Tuesday, February 22, 2011

Chicks Dig Scars

Dear Ian,

It is official: you are ALL boy.

At 16 months old, you are all over and into everything, which is typical for your age, but the fact that you are a boy adds a level of daring that I have only witnessed in a few little girls at the same age. For example, one of your new favorite tricks is to somersault off the couch. Forward. You drape your head over the edge until it just touches the floor, and then you flail your legs until you flip completely off the couch. Then you laugh hysterically, climb up and do it all again. Heart attack city for Mommy.

You're also running now, which has presented new challenges. You have that "toddler run," where your arms are at your sides, somewhat behind you, and therefore don't offer you any help when you crash belly first in the yard. But then again, I'm sorta glad about this, because you fall with such a force, I'm not sure you wouldn't have broken wrists. You do most of your running in the yard, for which I am thankful. Simply walking on the concrete patio has already left it's mark. Yup. First major boo-boos. Band-aid-able ones, too. I can't decide if you were more upset about the scraped knees or the fact that I dared to put band-aids on the scrapes. But I HAD to cover them! You first scraped your knee just a little bit, but it seems like every three minutes you were falling and scraping them again, and they were getting worse and worse! I didn't think they would ever heal if I didn't help them out by covering them up this time.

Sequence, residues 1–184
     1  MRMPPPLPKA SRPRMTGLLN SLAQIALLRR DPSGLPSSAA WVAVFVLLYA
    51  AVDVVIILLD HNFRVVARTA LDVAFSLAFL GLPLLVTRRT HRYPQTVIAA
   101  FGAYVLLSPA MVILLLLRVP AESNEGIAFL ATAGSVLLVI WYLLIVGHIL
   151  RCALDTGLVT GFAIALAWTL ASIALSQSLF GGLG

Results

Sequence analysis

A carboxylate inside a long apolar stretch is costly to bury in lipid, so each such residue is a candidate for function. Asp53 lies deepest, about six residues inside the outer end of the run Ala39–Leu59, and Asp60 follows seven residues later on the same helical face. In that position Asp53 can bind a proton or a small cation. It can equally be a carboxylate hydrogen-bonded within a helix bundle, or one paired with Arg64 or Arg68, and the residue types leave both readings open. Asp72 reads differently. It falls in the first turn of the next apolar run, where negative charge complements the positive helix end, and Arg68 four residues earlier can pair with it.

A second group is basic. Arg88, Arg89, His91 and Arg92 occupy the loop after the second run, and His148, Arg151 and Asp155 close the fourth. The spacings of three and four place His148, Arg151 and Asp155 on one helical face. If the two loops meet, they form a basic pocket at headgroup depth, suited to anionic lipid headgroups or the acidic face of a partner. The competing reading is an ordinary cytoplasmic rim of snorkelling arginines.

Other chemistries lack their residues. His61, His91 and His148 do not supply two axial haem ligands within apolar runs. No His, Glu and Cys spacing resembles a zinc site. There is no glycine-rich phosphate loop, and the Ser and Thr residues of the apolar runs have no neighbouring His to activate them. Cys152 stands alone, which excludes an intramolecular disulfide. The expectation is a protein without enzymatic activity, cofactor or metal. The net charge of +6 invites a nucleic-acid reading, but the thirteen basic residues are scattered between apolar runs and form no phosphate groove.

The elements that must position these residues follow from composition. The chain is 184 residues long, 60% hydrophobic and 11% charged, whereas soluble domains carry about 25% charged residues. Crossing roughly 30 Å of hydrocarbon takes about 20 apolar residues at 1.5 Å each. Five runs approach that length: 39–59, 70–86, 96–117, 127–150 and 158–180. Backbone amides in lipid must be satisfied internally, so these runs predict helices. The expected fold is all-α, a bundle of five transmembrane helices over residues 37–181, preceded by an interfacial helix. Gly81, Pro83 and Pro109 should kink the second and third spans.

Of course, you wear them like badges of honor and show them to everyone you see. Even the check-out lady at Publix. Silly little boy. So, I am in for it: scrapes, band-aids, dirty hands and feet and a face covered in Popsicle. Like I said: you're all boy, but I honestly can say that seeing you at this rambunctious and somewhat dangerous age makes me smile. You're exploring and growing, and it all will be worthwhile. Even if it takes until you're 20 for your knees to heal.

Hugs and loves,

Saturday, February 19, 2011

My Odd Hope for You

Dear Ian,
This is going to sound a little funny:

I want you to have a weird childhood.

There, now it's out there, and now I have to explain myself. I had a weird childhood growing up, but I think it has made me the person I am today, and not trying to sound snooty or braggy or anything, I think I turned out pretty dang well-rounded.

By weird childhood I mean the fact that I did things, heard things and played differently than other kids I knew. I grew up on one of the last plantations in Tallahassee. Your Papa Davis managed the plantation, and since he needed to be "on call" so to speak, we got to live on the farm. That piece of property was 1100 acres, and way out Merdian Road. We didn't have neighbors, and this was when playdates weren't really in vogue. I really learned a lot from this; my only playmate was your Uncle Brian (until Uncle Gary came along), and we figured out pretty quick to play nice together, because if we ticked each other off, we were stuck playing by ourselves. Not much fun. So, I learned to be resourceful and have GI Joe attend Barbie's birthday party, and Uncle Brian learned how to dress a doll. Perfect training for compromise and other grown up life lessons.